Finally! Almost exactly eight years after the last Magic novel, Ravnica: War of the Spark by Greg Weisman officially releases today, April 23, 2019. It is the first Magic novel since 2011’s Scars of Mirrodin: The Quest for Karn. Wizards of the Coast was kind enough to send me a review copy.

Ravnica: War of the Spark is an Enjoyable Read, But it Doesn’t Live Up to the Massive Hype

I want to set realistic expectations here—I went into the novel expecting that it would live up to the unmatched hype War of the Spark’s trailer and preview season had built up, and in the long run I think that hurt my enjoyment of it.

Overall, I would happily recommend Ravnica: War of the Spark to anyone interested in Magic’s story. It’s a good, somewhat sloppily-executed story, and it’s still fun to read despite its flaws. It’s far from a masterpiece of writing, as its story is often a bit of a mess, rushing from event to event without the time to truly lend weight to any of them. There’s just so much going on that events which could easily be the focus of entire chapters flash by in a page or less. Remember this time last year that everyone was afraid that Infinity War would be a mess of a story, before we all realized Marvel had pulled off an actual miracle to make it work? That is what befell Ravnica: War of the Spark.

All that aside, Ravnica: War of the Spark is an enjoyable read. It’s 360 pages long, but with fairly large font, which translated to four or five hours of reading time in my case. The writing itself is not dense and is somewhat obviously intended to be readable by anyone in Magic’s 13+ target audience. There were no issues with established characters’ personalities being blatantly ignored, which plagued previous Magic novels, though a lot of fantastic characters pass by with barely a mention due to the sheer scope of the cast involved.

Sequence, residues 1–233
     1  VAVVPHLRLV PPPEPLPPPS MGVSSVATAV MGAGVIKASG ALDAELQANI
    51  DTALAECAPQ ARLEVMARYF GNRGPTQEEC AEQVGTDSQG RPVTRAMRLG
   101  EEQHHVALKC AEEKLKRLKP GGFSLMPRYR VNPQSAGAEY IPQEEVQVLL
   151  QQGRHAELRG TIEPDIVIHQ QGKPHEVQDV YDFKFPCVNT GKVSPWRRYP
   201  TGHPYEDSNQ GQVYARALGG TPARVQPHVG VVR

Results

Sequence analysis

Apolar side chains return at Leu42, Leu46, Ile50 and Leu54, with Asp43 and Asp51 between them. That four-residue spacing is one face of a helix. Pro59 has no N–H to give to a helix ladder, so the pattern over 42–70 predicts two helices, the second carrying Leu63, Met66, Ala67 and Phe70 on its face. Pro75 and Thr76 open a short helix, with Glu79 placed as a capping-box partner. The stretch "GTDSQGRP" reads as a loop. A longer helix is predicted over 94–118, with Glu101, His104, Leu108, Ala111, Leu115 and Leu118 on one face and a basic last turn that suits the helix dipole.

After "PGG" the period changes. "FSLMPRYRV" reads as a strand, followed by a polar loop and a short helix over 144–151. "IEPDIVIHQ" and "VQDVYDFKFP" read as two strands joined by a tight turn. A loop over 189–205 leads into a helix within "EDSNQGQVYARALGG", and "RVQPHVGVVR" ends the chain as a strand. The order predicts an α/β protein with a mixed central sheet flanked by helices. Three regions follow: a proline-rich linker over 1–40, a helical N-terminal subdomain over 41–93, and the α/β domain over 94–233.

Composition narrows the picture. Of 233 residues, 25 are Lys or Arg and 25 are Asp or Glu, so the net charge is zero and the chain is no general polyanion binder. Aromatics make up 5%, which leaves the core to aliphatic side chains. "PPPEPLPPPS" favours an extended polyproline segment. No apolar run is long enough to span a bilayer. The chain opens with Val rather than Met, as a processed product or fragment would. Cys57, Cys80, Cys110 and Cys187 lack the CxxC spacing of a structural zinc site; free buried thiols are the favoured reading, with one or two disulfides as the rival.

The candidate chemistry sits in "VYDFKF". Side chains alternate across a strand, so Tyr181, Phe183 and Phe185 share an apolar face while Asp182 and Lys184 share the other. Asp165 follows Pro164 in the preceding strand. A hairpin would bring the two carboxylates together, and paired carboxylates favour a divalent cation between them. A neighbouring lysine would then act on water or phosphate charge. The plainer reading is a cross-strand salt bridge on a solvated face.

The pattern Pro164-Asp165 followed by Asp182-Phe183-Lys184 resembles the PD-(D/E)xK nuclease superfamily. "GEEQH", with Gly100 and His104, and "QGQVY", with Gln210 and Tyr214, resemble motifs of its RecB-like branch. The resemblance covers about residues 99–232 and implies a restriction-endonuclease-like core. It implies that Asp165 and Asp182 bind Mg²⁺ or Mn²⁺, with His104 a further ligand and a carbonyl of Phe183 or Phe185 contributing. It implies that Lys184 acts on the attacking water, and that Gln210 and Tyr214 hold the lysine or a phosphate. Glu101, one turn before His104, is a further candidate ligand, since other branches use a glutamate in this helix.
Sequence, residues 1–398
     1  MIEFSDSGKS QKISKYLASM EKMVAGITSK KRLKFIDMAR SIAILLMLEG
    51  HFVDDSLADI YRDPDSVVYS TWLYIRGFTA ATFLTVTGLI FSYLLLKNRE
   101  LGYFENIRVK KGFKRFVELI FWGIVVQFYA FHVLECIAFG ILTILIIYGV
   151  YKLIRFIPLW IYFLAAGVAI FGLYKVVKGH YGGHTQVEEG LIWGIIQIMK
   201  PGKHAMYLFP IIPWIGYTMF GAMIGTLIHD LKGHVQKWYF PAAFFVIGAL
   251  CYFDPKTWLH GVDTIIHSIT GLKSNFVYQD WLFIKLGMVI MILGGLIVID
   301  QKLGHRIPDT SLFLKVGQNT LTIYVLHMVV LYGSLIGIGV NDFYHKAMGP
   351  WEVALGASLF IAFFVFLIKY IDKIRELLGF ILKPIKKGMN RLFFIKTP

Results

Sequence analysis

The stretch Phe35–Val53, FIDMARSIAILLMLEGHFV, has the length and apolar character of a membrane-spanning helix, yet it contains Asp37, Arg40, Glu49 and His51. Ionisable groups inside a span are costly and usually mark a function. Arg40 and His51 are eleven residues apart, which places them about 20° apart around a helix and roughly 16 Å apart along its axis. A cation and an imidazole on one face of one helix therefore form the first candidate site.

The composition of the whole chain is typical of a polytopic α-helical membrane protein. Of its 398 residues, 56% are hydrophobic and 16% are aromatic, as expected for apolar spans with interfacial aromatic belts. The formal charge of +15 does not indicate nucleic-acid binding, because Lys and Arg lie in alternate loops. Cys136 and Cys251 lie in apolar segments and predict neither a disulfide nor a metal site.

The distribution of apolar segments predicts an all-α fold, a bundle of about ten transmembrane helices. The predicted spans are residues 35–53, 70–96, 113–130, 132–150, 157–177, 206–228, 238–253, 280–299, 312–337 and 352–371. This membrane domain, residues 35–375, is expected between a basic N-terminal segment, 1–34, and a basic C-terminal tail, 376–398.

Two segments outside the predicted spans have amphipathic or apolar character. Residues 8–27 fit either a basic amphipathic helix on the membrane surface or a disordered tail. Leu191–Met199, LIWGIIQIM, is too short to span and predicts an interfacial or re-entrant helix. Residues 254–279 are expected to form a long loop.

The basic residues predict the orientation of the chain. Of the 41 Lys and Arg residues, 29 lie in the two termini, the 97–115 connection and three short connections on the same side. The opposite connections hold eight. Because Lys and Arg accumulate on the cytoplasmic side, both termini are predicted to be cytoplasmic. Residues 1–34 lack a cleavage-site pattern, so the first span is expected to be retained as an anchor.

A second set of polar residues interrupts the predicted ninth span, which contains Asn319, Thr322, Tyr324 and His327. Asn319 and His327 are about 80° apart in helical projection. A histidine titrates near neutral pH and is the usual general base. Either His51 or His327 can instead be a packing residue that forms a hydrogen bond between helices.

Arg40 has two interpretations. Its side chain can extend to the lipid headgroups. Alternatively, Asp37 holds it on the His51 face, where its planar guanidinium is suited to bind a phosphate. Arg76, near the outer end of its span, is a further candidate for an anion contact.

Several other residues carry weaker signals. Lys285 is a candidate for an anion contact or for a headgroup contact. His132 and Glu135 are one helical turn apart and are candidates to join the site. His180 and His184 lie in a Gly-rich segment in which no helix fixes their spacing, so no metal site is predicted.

As a standalone book or an entry point point for anyone recently interested in the Magic story, Ravnica: War of the Spark is passable but obviously incomplete. My personal recommendation would be to read the novel and use it as a guide to figure which characters interest you, so you can then explore Magic’s many other stories. With a few exceptions (Jiang, Mu, Rat, Teyo, Tibalt, Tomik, and the Wanderer), every character named in this book has other stories in which they appear. Most of those are available for free online, and lend every aspect of this story more depth the more you read. That being said, this book doesn’t hinge upon you knowing the decades of backstory that went into it.

Teyo, the Shieldmage by Magali Villeneuve

Teyo’s Point of View is an Inspired Narrative Choice

The choice of brand-new planeswalker Teyo as one of the chief point-of-view characters was inspired, and one of the few things about the book I can praise unequivocally.

Weisman brings the young shieldmage to life more organically than anyone else in the massive cast. Teyo’s spark is actually ignited at the same time as Ral’s Interplanar Beacon, and the young boy’s constant, often confused attempts to understand his new reality as it descends into madness around him do a good deal to make the book’s frenetic pace feel more natural.